Patagonia Women’s Nano-Air Jacket Review

‘Put it on leave it on’ is a bold claim from Patagonia and as the predecessor of this jacket had won a ‘2015 Outside Gear of the Year’ Award, I was keen to put it to the test.

First thing you notice is just how light it is and I’m talking really light (!) 252g to be exact. It has a brilliant women’s fit too, a nice cut with a long enough back to keep it from riding up when wearing a rucksack and sleeves with a bit of give. I am not a fan of tight cuffs; I like to be able to push them up, see my watch and not be restricted by my choice of jacket. On top of this the sizing I found to be pretty spot on, it had a good amount of give for layers underneath but doesn’t look oversized and baggy. All in all they have done a great job!

The Nano-Air sports a quite impressive list of technical jargon for those in the know and for those just concerned by the colour choices you can’t go wrong with any of the eye catching options.

  • Shell: 1.3-oz 20-denier 100% nylon ripstop.
  • Lining: 2-oz 50-denier 100% nylon plain weave.
  • Both shell and lining with mechanical stretch and a DWR (durable water repellent) finish.
  • Insulation: 40-g FullRange™ 100% polyester stretch insulation.
  • Knit: 6.3-oz 100% polyester stretch waffle knit with Polygiene® permanent odor control
  • 252 g (8.9 oz)


The big question though – did I ‘Put it on leave it on’?

Impressively yes! I was putting this through its paces in the beautiful Lake District and had all the bag space and spare kit ready for when I thought I was going to be too hot and then too cold. On mountains runs I do always find it a hard toss up with what to wear. I don’t like to be too cold at the start yet I know the moment I’m on a uphill climb I’ll be boiling in the bag of my jacket and upon reaching the summit there you go its blowing a gale and chilly is an understatement again.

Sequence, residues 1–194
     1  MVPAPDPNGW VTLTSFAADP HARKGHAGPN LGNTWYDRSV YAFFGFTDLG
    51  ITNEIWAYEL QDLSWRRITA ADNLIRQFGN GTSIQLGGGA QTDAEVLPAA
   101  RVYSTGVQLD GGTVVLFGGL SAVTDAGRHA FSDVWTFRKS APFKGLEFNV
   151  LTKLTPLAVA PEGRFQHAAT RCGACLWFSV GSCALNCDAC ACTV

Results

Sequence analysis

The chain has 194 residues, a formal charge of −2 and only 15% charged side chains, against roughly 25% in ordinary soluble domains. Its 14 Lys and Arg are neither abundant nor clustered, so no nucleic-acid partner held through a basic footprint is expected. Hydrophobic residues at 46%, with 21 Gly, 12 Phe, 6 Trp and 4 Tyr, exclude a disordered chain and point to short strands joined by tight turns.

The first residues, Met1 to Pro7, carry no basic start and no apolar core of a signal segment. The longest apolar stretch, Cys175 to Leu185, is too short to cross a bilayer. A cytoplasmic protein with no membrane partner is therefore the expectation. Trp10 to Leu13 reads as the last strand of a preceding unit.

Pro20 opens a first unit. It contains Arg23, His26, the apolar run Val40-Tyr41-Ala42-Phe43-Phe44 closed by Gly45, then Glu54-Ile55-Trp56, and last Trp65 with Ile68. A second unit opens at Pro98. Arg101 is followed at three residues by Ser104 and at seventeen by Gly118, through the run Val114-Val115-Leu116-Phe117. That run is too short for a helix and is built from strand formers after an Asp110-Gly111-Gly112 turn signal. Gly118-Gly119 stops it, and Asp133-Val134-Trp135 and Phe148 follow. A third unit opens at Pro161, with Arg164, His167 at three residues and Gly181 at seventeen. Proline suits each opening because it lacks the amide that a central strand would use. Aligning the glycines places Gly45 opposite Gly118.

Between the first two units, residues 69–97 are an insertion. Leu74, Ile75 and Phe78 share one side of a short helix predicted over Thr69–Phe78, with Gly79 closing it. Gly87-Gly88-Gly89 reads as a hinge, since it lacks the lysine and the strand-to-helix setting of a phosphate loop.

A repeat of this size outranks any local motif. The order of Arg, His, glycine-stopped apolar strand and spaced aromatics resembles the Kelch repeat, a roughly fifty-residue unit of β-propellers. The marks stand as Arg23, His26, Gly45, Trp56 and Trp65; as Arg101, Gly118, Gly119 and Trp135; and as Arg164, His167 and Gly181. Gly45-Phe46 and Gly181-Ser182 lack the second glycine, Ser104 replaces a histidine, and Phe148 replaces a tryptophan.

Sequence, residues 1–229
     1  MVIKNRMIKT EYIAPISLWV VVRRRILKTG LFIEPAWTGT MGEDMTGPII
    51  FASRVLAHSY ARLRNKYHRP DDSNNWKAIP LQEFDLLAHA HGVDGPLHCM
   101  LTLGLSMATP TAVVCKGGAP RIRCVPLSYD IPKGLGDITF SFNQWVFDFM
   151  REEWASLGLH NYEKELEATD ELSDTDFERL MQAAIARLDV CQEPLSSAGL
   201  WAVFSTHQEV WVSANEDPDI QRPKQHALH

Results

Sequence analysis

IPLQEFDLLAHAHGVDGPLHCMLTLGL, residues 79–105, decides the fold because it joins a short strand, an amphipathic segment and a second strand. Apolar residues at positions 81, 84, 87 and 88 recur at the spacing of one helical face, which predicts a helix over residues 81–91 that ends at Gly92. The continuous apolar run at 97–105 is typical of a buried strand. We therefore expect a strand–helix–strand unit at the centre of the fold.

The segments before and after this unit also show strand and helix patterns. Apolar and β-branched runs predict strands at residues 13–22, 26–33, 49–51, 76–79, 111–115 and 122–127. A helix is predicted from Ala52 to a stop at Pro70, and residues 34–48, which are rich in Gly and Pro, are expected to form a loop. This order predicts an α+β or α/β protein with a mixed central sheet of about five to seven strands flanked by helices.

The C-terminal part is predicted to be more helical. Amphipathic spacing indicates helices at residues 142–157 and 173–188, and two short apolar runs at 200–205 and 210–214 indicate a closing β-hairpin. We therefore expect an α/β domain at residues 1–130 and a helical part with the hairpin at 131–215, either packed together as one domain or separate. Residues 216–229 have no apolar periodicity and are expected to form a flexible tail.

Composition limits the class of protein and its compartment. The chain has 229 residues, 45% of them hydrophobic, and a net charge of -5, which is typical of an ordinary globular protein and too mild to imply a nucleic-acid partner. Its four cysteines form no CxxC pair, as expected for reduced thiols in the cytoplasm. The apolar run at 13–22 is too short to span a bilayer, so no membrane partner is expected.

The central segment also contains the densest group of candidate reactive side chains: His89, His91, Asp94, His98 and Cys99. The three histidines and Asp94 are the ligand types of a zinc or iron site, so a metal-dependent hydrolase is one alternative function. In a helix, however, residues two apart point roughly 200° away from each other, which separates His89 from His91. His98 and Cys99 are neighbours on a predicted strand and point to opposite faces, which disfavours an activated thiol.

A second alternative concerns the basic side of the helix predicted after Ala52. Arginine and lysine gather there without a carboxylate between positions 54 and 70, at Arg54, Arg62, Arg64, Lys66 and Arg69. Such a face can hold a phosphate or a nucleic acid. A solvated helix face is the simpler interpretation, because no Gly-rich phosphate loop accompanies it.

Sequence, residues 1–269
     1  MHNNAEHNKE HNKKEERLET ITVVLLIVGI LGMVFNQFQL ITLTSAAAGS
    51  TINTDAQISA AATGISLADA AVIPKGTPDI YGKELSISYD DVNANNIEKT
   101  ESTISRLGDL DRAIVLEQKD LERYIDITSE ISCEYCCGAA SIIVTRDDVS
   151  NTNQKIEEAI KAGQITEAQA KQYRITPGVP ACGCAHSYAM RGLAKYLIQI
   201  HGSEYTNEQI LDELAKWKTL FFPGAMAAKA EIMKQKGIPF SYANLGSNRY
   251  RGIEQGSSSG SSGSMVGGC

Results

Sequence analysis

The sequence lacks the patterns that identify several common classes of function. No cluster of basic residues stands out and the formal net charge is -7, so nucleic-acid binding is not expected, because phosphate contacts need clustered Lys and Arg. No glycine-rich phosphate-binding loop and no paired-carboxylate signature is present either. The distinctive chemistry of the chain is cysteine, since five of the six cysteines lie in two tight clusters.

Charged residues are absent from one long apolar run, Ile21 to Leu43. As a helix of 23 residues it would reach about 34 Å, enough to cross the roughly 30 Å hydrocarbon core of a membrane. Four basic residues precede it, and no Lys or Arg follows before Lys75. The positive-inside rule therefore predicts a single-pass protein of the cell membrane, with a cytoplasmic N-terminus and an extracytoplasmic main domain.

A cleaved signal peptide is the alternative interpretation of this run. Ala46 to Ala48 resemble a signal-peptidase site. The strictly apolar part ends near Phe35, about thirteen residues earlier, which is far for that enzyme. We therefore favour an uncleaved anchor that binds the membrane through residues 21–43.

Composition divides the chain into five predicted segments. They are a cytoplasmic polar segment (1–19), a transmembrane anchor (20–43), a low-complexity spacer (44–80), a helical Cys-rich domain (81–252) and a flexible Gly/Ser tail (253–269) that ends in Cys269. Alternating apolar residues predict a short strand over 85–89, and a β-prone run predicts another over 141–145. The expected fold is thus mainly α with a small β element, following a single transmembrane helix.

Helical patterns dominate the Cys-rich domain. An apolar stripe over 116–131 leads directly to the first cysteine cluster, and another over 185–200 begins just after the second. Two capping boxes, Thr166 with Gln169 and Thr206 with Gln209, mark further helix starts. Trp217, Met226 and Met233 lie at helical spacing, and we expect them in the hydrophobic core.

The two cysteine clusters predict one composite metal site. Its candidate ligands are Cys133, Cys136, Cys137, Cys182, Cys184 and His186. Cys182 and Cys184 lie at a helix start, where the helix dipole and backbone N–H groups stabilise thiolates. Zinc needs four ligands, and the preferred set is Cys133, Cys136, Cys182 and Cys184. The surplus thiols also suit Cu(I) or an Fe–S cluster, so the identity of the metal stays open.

Impressively the Nano-Air held its own, underneath I had worn just a t-shirt ready for when I was too hot, but I am pleased to say it didn’t get a showing. In the wind it was warming and didn’t let too much of a draught through and on the uphill’s when I expected to boil, it was nicely wicking. It let the heat out and with only simple changes of the zip I was able to get all the cool air I needed.

I am impressed and this certainly is now a cold run staple of mine.

Patagonia’s bold claim has stood the test of the Lakes, it went, it ran and it conquered!


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